Medication for ADHD in children: Risky?
June 16, 2016

Substance Abuse Problems May Be Linked to Medication for ADHD in Children

If your child suffers from issues with attention, excessive activity, or difficulty controlling behaviors that are not appropriate for their age group, they may have ADHD. ADHD in children is one of the most common diagnosis today. ADHD in children is described as a neurodevelopmental and mental disorder, that can occur as early as age six and remain present throughout various ages of life. While it is not curable, there are multiple treatment options available to manage symptoms. But some treatment options may be riskier for long term health. ADHD medications are one of the most commonly abused drugs on university campuses. Some consider ADHD medications to be dangerous and lead to a path of substance abuse later on. How do you determine if nonstimulant medication therapy or stimulant medication therapy is best for ADHD in children? Psych Central provided input by discussing a recent research study that evaluated the correlation between substance abuse and medications used early on for ADHD in children.

The University of Michigan Research

Researchers compared early-use and longer-duration stimulant medication therapy with nonstimulant therapy for ADHD. To acquire data, they asked thousands of individuals nationwide to answer a survey about ADHD medication and recent substance abuse. The study gained information from more than 40,000 individuals. Due to the large response rate and being so widely generalized, researchers could separate doctor-prescribed ADHD medications based on gender.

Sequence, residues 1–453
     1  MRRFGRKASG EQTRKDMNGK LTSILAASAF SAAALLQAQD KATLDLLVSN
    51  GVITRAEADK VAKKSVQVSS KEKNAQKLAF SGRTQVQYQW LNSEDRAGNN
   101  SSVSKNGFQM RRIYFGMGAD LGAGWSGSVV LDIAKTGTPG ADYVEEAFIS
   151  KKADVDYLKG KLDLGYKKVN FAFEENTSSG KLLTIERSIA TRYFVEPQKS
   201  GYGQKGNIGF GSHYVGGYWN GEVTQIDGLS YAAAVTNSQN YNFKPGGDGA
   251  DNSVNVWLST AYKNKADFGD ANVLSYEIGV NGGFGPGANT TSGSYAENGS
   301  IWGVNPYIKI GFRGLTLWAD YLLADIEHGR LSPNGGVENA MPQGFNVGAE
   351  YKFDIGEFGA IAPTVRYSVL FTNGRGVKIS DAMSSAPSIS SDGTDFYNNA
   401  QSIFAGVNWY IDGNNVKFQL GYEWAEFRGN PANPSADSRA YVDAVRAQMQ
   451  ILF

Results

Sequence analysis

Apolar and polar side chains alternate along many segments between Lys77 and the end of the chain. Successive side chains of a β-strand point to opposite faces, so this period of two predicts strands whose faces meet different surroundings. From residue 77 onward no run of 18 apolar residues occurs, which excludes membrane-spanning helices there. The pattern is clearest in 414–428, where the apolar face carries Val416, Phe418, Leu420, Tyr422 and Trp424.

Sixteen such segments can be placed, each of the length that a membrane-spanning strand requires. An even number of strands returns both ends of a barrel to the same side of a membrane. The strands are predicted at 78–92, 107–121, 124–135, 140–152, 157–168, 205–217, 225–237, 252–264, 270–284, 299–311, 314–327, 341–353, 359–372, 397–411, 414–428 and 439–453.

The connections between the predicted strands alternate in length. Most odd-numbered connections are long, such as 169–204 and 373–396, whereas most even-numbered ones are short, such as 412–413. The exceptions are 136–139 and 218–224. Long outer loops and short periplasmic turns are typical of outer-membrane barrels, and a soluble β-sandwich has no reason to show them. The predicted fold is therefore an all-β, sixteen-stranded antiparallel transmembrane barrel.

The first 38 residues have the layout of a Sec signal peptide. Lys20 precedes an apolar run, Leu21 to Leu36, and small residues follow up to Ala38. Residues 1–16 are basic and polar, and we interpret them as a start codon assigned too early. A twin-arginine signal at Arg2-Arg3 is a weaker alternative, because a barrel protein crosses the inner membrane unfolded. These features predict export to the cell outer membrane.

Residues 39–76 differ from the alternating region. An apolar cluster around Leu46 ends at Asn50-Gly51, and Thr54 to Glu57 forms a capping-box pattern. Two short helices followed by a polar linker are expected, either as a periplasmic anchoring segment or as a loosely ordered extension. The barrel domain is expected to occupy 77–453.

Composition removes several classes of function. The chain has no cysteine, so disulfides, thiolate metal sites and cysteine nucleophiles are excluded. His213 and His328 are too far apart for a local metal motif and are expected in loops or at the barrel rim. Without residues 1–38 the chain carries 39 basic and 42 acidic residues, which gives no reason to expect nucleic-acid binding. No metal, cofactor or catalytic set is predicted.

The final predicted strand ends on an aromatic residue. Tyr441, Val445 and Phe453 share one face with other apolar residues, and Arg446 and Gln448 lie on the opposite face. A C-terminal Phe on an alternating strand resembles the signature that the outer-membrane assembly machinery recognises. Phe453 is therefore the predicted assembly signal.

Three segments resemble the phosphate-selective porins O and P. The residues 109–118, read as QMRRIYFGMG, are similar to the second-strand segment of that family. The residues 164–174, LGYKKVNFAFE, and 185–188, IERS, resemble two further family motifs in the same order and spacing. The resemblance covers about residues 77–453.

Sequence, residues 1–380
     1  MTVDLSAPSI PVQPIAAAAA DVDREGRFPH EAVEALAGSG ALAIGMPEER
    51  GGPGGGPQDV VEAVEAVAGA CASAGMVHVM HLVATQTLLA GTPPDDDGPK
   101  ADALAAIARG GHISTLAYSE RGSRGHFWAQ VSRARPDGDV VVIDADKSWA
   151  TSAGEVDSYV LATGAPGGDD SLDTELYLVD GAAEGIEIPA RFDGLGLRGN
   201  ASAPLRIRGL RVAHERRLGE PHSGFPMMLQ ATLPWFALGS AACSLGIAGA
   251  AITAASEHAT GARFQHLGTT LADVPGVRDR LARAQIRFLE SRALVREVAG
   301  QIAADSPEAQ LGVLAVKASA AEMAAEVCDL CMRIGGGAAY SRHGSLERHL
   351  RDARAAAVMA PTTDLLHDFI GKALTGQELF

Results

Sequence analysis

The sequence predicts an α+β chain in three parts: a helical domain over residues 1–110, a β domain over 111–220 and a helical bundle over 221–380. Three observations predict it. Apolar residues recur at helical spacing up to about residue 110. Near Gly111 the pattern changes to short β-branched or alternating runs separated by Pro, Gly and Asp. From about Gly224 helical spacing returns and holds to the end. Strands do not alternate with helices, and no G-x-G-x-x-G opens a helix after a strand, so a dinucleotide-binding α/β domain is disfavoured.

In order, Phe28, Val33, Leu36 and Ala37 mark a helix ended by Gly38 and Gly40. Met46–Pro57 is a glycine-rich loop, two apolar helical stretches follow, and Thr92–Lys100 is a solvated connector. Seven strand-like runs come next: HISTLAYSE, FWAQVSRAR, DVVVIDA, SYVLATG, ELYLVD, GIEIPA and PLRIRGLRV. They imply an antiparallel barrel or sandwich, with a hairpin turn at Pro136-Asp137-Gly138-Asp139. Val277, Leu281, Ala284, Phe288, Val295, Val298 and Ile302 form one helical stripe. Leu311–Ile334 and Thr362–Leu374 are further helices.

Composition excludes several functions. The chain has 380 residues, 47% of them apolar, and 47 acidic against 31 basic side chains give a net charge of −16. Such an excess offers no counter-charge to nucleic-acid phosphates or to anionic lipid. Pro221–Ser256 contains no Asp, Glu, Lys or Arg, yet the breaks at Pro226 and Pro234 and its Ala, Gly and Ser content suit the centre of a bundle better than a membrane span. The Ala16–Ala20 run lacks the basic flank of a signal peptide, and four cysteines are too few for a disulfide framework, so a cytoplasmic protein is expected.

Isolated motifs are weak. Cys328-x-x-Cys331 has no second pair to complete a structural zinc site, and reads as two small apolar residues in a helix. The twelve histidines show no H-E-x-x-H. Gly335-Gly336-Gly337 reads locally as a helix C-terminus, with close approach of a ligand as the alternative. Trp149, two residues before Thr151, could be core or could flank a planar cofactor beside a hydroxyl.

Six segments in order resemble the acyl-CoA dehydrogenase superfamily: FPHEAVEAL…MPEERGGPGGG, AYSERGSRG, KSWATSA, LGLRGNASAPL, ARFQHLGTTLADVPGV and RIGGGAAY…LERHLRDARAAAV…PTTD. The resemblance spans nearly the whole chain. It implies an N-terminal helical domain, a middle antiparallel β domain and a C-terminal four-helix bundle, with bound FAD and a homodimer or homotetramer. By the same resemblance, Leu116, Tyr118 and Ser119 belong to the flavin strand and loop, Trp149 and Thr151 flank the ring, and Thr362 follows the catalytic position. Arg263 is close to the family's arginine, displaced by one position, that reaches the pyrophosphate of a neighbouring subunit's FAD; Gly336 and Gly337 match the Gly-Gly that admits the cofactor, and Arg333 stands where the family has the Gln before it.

What They Found

Nearly one in eight high school seniors in the U.S. have been diagnosed with ADHD in children and used stimulant or nonstimulant medication therapy. There were no gender differences found for nonstimulant medication therapy, but males were more likely to use stimulant medication. Kids who take medications for ADHD in children like Adderall or Ritalin, that are taken over an extended period of time early on in life, are no more likely to develop substance abuse problems than teens without ADHD. But, teens who start using ADHD medications later in life, middle school or high school, are more at risk for developing substance abuse problems. Monitoring children or teens use of stimulant medication is suggested if there are concerns from parents or therapists. Switching to a nonstimulant medication therapy may be better for certain people.

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